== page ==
Rachel Lewis (LDCF Exec) writes Brexit: The Real Challenge. An excellent read!
Brexit: The Real Challenge
In the time since the Referendum, even if the wisdom of leaving the EU hasn’t materialised, a particular reality has made itself very clear: the result exposed the crisis of inequality that is endemic across Britain. This is something that we as Christians and Liberal Democrats must respond to.
I’m one of many who have worked through difficulties with family members on the other side of the Referendum debate. My parents and I have decided to just not mention it – mainly because my younger sister’s cancer diagnosis has brought what’s truly important into sharp focus. However, especially during the early, bewildering weeks, I was guilty of speaking with facts but little compassion or respect when things got heated. It’s not just me, though, it’s a national trend. Why have so many in Britain developed an appalling case of rudeness? Not just with Brexit, but across public life?
In 2015, University of Florida researchers, publishing in the Journal of Applied Psychology, said that rudeness is as contagious as a cold. If you’ve been on the receiving end of rudeness, you are much more likely to be rude to someone else. On Twitter, with its restricted character limit, it’s easy to see how a culture of rudeness develops. In his book I Can’t Believe You Just Said That! Danny Wallace found that 65% of people he interviewed believed that the decline in standards was coming from social media, closely followed by imitating the behaviour of celebrities and politicians in the media. This week at The Convention discussion event, civility and respect were once again highlighted as absolute priorities in the debate towards a possible people’s vote. As Christians we must set the tone.
It’s not just in our speech that we need to be a counter-cultural force, we also need to be better at listening. This will come as no surprise to anyone who has used talking therapies. In the collection of essays, The Causes and Cures of Brexit, (Sept 2018) researchers from Compass and the Open Society Foundation, went to the areas of the UK that voted Leave, to ask people about their lives and how they felt about Brexit. Researches heard first-hand that politicians didn’t care about those outside London and the feeling that the regions had been left to rot. It’s a humbling publication to read and brings home very clearly the charge that Westminster isn’t listening to a large percentage of the population.
For many years, reports have highlighted the need for community rebuilding, best done through grass-roots initiatives. As LibDems it’s pretty much our specialist subject! Not just through craft and social events, but also through action - fighting the closure of banks, libraries and other services. In Lancashire, where I’m from, the residents have taken over the local library to run as a community partnership.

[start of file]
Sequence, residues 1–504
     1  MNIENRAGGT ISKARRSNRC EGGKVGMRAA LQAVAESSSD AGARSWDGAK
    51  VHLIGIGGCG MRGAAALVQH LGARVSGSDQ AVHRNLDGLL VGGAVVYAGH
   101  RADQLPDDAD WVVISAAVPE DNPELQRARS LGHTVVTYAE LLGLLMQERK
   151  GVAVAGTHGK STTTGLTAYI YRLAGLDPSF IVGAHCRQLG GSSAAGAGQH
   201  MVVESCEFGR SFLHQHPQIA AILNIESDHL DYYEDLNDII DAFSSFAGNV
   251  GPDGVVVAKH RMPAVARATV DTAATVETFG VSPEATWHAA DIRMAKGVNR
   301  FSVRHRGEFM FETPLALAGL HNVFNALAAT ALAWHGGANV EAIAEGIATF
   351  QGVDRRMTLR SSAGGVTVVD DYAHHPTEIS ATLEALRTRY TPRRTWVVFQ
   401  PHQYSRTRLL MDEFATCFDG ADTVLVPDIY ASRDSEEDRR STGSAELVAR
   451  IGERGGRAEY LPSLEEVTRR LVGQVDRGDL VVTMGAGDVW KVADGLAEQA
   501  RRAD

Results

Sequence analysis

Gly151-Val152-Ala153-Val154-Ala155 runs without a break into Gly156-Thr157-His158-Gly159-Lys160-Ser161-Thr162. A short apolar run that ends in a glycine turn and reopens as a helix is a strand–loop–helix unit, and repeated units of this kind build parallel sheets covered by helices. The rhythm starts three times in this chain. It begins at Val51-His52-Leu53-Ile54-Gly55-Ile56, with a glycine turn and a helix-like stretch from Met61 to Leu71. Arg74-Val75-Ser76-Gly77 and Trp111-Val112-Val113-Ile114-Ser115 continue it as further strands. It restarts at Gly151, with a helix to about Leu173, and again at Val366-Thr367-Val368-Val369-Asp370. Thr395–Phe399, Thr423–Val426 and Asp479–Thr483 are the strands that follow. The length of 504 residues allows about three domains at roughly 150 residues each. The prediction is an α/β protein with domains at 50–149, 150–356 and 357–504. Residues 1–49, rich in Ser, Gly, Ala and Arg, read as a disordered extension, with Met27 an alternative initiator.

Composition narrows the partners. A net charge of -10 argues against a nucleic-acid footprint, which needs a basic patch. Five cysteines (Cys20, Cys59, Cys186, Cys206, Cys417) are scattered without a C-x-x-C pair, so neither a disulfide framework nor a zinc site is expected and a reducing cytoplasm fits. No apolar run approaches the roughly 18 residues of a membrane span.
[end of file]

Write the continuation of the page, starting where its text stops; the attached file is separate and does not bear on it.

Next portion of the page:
With local governments unable to provide services and businesses pulling out of our towns, it’s community organisers and social entrepreneurs who are improving services and creating jobs. As our national identity has a bit of a wobble, rebuilding our communities through local and regional partnerships becomes an important way of genuinely taking back control.
We also need to give back control. In the EU Referendum, people understood that every vote mattered. For the people of Britain to feel like they are properly heard, we need to reform our democracy at local, regional and national level. If we learn anything from the experience of holding the Referendum, it’s that every vote must count.
Finally, it’s a matter of urgency that we take steps to create a fairer society. The inequality that the referendum exposed is a sad indictment on this country. As Liberal Democrats, we are in a privileged place of having an economic policy that functions as a checklist for the change many social researchers say we need. The Archbishop of Canterbury in his book Reimagining Britain (Bloomsbury, 2018), speaks at length about the need to reform our economy, to set economic priorities that reflect new values and to put human beings and human dignity at the centre of them. “Brexit”, he says “brings the need for new imagining into sharper focus.”
It’s my hope that the platform-sharing and cross-party campaigns will continue. Greater collaboration can only help as we work with others to bring the country together, rather than polarise opinion even further. For now, we can only wait and see which way our future relationship with the EU unfolds. Whatever it yields, I hope that we, as Christian Lib Dems, will respond to the challenge that the referendum has provided.
January 14th 2019